WInDS oF CHAnGES In PorT SECTor
the shipping and port sector in India is expected to receive a boost in the near future with the increase of projected trade volume. A reviving economy in the major markets viz USA and Europe and search for new markets by Indian exporters are the indications that the Indian ports will have to face tough times once gain in managing the prospective growth. It is commendable that the Government of India as well as private companies have taken some significant moves to create capacity at the Indian Ports. And, launching of International Transshipment Terminal (at Vallarpadam in Kochi for instance) may be termed as a landmark initiative in this direction.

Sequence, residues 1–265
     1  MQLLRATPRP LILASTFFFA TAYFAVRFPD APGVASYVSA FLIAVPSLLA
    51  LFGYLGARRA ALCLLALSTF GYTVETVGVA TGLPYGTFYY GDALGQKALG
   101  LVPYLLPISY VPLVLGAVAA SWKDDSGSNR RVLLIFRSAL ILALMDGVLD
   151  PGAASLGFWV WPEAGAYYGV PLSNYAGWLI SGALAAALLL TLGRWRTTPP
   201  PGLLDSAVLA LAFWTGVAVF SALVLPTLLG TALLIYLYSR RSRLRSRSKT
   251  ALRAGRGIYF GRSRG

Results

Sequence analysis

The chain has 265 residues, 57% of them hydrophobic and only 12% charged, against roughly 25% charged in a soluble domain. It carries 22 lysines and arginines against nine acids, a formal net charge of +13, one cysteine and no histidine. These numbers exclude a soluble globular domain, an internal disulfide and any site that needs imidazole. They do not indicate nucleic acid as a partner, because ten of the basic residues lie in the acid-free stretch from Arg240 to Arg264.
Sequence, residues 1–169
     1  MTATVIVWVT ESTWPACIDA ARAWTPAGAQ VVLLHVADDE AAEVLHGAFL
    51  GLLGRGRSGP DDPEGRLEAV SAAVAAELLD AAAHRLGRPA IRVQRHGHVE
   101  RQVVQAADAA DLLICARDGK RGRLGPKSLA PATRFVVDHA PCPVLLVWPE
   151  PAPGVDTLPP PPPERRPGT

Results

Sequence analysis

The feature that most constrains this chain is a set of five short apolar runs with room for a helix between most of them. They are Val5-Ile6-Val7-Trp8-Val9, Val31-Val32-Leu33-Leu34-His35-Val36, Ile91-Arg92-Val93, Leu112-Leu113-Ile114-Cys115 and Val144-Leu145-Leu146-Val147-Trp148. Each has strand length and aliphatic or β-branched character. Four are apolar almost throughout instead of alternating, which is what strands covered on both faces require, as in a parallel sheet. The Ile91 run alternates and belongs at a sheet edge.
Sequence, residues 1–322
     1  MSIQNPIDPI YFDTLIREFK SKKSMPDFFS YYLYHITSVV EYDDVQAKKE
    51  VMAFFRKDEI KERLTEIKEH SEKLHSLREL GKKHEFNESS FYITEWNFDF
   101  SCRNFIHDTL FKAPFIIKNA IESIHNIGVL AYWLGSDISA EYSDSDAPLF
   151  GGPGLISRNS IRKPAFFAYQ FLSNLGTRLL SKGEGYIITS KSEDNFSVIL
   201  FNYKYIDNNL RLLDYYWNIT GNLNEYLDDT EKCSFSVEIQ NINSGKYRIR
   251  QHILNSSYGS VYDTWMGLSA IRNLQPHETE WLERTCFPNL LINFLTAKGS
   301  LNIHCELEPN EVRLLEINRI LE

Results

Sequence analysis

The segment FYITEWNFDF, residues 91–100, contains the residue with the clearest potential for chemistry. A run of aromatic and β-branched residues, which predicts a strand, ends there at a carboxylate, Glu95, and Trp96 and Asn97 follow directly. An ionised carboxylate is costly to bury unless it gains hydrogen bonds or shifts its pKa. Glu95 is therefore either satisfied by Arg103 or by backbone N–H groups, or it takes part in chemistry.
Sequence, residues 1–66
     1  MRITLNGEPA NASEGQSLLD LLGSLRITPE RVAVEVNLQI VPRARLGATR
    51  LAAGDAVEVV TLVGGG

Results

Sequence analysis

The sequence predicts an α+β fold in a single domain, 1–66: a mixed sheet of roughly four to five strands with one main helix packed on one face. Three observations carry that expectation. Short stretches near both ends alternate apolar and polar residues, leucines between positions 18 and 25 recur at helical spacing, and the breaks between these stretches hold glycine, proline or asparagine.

Some recent researches reveal that growth in long distance and containerised trade has led to the growth in establishment of transshipment hubs. It is not possible to establish direct shipping connections between every country because either there may not be enough volume, or the ports may be located distantly from each other. Therefore, a set of direct or transshipment connections are required to link all country pairs by maritime shipping. For this purpose, the transshipment terminals and intermediate hubs have been started. The emergence of major intermediate hubs favoured a concentration of large vessels along long-distance, high capacity routes, while smaller ports can be serviced with lower capacity ships. Consequently, the emergence of intermediate hubs has permitted liner services that would otherwise be economically unfeasible. The need to develop transshipment hub ports in India was documented by the Planning Commission in its Tenth Five Year Plan. The Vallarpadam terminal in Kochi has been identified as a transshipment terminal for the sub-continent by the Government of India. The objective of the Vallarpadam Terminal, the first- of-its-kind in India, was to cut down logistics costs for shipping lines, transshipping cargo in and out of the country. Currently, the containerised cargo, to and from India, is transshipped through the ports at Colombo, Dubai, Singapore and Salalah. However, from the very beginning the terminal was facing tremendous challenges to receive big vessels because of the existing Cabotage Law, which discourages coastal shipping, and as a consequence transshipping. It is commendable the Government of India recently relaxed the law to some extent, especially for this new terminal. The prospective investors for the shipping and port infrastructure sector are now eagerly waiting for a greater change in the mind set of the policy makers for the interest of the country’s economy.